The current whereabouts of a man who allegedly drove drunk and killed a 29-year-old Bedford County woman and was taken into custody for it last month are unknown, even to Bedford County Sheriff Austin Swing.
That man, Omar Edgar Torres-Rangel, is an illegal immigrant, according to sources.
District Attorney Robert Carter, meanwhile, refused to answer when asked if he knows Torres-Rangel’s present location.
Officials with the Tennessee Highway Patrol worked the crash scene the night of Oct. 21. Torres-Rangel sustained critical injuries. According to numerous sources, authorities transported Torres-Rangel to Vanderbilt University Medical Center in Nashville.
What happened to him afterward is a mystery.
Vanderbilt Medical Center spokesman Craig Boerner told The Tennessee Star the hospital had no patient by that name as of Wednesday. Boerner said he could provide no other information.
Keri King was the woman who died in the crash. Her brother, Willie King, said no one in law enforcement can give him or his family any answers.
“He was an illegal, and he just walked out of the hospital, and now they are looking for him. I don’t know how that happened. Those are answers we are trying to get,” King said.
“How did I find out he walked out (of Vanderbilt)? We just kept asking questions and found out he’s not there anymore. We don’t know exactly how he got out of there. He’s not in jail. We’ve already checked that.”
For his part, the sheriff confirmed he is not in the county jail.
“I guess Vanderbilt or the Tennessee Highway Patrol don’t have an obligation to tell me where he is. After all, it was a wreck worked by the THP and not us,” Swing said.
Swing said he had not asked either Vanderbilt or the THP what became of Torres-Rangel.
‘They don’t seem to know anything’
King said THP officials “have been more helpful than anybody” in getting information back to the family.
“As for the sheriff’s department, they don’t seem to know anything,” King said.
“The Tennessee Highway Patrol, at least they talk to us a little bit.”
When contacted, THP spokesman Chris Dye said he didn’t know where Torres-Rangel was as of Wednesday.
“It’s not uncommon for an individual to not be arrested the night of (a crash) because of the whole collections process, the evidence procedures, the toxicology. There are a lot of factors from the time of the crash to the time of presentment to a grand jury if that’s the decision the district attorney wants to go to,” Dye said.
“There are two specific paths the criminal justice goes on on a vehicular homicide or a traffic crash resulting in a death and that is charges the night of or a direct presentment to the grand jury.”
THP officials, Dye added, “always go under the direction of the district attorney.”
To that, Dye referred all other questions to Bedford County District Attorney Robert Carter.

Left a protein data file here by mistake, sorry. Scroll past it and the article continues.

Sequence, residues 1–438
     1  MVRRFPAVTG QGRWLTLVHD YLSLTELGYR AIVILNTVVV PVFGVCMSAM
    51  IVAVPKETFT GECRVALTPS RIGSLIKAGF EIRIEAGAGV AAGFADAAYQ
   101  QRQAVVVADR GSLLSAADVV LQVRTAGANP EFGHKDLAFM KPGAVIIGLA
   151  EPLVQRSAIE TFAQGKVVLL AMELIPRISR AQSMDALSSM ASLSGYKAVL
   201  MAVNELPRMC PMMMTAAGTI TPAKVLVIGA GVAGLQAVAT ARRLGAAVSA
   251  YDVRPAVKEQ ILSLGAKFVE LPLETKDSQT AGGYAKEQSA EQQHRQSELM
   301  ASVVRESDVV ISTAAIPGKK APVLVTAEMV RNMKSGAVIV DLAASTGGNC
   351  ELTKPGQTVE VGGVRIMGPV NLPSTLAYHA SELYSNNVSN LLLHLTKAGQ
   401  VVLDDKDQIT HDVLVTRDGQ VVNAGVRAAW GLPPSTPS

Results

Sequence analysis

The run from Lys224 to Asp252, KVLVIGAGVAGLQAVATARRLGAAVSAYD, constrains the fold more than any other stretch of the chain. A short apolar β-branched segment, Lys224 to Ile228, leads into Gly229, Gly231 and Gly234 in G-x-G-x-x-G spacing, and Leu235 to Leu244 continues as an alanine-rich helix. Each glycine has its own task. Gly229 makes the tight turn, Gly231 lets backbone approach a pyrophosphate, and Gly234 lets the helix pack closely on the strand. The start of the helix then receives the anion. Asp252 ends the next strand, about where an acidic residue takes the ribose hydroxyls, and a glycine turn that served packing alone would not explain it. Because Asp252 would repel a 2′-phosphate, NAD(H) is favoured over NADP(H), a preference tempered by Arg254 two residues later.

When contacted, Carter said there is an ongoing investigation into the vehicular homicide and there are warrants out on Torres-Rangel.
“Beyond that I don’t think that, ethically, I can talk about what’s going on. I don’t think I can say any more than that,” Carter said.
The Star asked Carter if Vanderbilt turned Torres-Rangel loose on his own.
“I can’t answer that,” Carter said.
Does Carter know Torres-Rangel’s current whereabouts?
“That’s what I don’t think I’m allowed to speak on. I’m not going to answer that. That is an ethical call on my part as the elected district attorney. I don’t want to jeopardize not only the investigation, but if we end up on trial with this then I certainly don’t want to say anything now that will jeopardize that case.”
The Star then asked about perceptions and how people in and around Bedford County might think this seems fishy.
To that, Carter said this:
“You asked me if I knew his whereabouts, and I told you I didn’t have a comment,” Carter said.
“I will leave it at that.”
The sheriff said he understands Willie King’s frustration.
“I feel confident he will be found and arrested and when he is he will be brought back to the Bedford County Jail,” Swing said.
Willie King, meanwhile, said his sister was coming home from Murfreesboro when she died.
“A lot of people are stirred up about this,” King said.
“Our main concern was we didn’t want him (Torres-Rangel) to get loose, but it looks like that’s what has happened.”
As reported, one Bedford County commissioner, who asked that we not disclose his name, at least not now, wrote a letter to U.S. Immigration and Customs Enforcement agents and asked for their help with illegal immigrant activity.
In the letter, that commissioner cited the Torres-Rangel case.
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